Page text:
top of page

Market Update

Market Direction Is Important –

Updated Chart of the S&P 500 and Secondary Signals

Of our Four secondary indicators under our MTI:

  1. Relative Strength Index (RSI)-Positive

  2. Chaikin Money Flow (CMF)-Positive

  3. MACD- Negative

  4. Money Flow Index-MFI-Positive

More on the Market and the Economy:

Stocks rose on Friday, recovering from a sharp sell-off on Thursday, and paring a weekly loss. With Friday’s gain, the S&P 500 closed out the week with a .44% loss, after closing out the month of April on Thursday with a .85% gain.

This week, data will be released on factory orders, the service sector, the Challenger job-cut report, the trade deficit and the jobs report.

The US homeownership rate continued to decline at the start of 2015, dropping to a quarter-century low. The homeownership rate fell to 63.8% in the first quarter – the lowest since 1989. Homeownership had fallen steadily since it peaked in 2005 at 69.2%.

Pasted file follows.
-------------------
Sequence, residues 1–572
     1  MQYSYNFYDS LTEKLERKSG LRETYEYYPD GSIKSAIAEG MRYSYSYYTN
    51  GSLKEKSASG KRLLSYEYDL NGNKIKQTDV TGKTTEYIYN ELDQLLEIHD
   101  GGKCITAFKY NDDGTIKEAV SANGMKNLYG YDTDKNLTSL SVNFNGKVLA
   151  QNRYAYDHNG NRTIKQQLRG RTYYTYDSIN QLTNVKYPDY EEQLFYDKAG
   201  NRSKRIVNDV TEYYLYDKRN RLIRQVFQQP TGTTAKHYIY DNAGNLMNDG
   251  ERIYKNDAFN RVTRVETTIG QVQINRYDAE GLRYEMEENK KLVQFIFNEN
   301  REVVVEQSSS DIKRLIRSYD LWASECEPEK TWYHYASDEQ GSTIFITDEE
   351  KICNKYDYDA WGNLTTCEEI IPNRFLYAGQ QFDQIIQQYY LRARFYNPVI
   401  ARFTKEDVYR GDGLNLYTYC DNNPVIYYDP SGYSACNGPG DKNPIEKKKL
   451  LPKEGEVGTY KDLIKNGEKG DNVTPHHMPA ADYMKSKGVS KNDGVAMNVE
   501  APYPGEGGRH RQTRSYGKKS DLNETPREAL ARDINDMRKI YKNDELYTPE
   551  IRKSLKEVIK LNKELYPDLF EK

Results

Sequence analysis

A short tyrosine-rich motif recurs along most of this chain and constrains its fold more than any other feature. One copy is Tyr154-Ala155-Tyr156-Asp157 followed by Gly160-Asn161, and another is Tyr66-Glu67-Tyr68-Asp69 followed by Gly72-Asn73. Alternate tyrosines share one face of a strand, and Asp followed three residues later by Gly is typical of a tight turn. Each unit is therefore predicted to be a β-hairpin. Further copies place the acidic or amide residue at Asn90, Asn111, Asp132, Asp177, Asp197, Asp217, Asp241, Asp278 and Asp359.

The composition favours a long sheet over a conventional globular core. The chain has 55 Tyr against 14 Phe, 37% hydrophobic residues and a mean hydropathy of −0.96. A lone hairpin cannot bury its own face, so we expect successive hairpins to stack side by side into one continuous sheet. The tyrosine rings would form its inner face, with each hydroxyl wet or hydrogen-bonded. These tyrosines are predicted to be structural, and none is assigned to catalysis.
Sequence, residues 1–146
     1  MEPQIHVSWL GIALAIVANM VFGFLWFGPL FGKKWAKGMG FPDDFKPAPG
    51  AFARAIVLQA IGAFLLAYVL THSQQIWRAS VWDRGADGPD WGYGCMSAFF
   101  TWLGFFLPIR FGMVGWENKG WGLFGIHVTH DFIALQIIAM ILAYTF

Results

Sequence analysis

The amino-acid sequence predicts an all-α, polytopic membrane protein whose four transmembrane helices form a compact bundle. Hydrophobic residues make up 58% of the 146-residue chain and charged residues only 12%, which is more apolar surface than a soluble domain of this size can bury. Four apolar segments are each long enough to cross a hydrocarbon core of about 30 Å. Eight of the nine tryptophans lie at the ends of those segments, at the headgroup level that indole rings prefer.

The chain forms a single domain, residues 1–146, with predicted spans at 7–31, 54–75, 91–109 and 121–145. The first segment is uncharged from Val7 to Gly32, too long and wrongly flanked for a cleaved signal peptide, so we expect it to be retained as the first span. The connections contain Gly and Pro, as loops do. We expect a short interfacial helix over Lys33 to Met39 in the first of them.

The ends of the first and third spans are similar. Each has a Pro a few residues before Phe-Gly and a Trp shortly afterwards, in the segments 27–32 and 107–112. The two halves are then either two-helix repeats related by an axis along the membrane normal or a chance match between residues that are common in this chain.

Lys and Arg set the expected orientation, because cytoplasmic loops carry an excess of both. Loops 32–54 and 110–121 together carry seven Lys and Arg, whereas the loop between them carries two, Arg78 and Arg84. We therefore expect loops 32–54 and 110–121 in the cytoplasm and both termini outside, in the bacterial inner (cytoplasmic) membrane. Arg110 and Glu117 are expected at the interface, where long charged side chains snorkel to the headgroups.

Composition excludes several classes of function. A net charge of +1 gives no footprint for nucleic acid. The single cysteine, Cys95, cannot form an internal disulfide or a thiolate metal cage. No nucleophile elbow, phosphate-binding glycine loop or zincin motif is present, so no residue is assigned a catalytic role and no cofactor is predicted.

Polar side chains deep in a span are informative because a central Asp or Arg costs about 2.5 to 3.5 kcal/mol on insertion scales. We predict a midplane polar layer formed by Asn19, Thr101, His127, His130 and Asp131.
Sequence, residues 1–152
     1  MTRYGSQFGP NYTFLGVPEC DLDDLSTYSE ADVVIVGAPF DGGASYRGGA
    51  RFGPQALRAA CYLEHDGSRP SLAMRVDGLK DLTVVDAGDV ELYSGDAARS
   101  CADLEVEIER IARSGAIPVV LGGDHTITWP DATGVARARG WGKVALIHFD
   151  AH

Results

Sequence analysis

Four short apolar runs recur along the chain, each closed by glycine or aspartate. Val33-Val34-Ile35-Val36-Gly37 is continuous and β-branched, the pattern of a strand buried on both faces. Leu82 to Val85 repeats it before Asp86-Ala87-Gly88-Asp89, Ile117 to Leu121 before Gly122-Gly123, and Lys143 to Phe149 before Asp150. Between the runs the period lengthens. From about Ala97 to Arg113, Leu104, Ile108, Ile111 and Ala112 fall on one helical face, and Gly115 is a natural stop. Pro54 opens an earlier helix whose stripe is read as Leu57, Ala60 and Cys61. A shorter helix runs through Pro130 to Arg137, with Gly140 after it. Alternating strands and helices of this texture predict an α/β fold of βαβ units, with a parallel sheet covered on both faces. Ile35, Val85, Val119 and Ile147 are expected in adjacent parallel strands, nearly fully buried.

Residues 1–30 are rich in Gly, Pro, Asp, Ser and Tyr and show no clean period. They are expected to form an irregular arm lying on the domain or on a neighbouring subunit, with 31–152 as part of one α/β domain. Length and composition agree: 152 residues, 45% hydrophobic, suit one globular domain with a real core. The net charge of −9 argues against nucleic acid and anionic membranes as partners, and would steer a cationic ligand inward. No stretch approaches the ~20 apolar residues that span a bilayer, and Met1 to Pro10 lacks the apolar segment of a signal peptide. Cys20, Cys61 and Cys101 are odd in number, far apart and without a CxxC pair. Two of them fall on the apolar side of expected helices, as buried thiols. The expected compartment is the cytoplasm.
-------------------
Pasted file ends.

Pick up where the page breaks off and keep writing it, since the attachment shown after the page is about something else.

While homeownership declined, the total number of households increased significantly for the second quarter in a row – many of those new households are renting. And among Americans that do not own a home, fewer expect to buy one: 41% of non-homeowners do not plan to buy a home in the “foreseeable future”, according to Gallup.

The middle class is struggling, according to the St. Louis Fed. A recent report from the St. Louis Fed’s Center for Household Financial Stability found that the middle class may be under more financial pressure than we think: “families that are neither rich nor poor may be under more downward economic and financial pressure than common but simplistic rank-based measures of income or wealth would suggest”. The study found that the median incomes for “thrivers” and “stragglers” were 2% and 8% higher respectively in 2013 than they were in 1989, while the median income for the middle class dropped 16%.

Fewer Americans today identify themselves as middle class than in 2008, according to Gallup. Today, 51% of Americans consider themselves to be middle class or upper-middle class, compared to an average 61% from 2000 to 2008. Today 48% say they are working or lower class.

From the Pew Research Center, an interesting graph on what the American public knows, and does not know:


bottom of page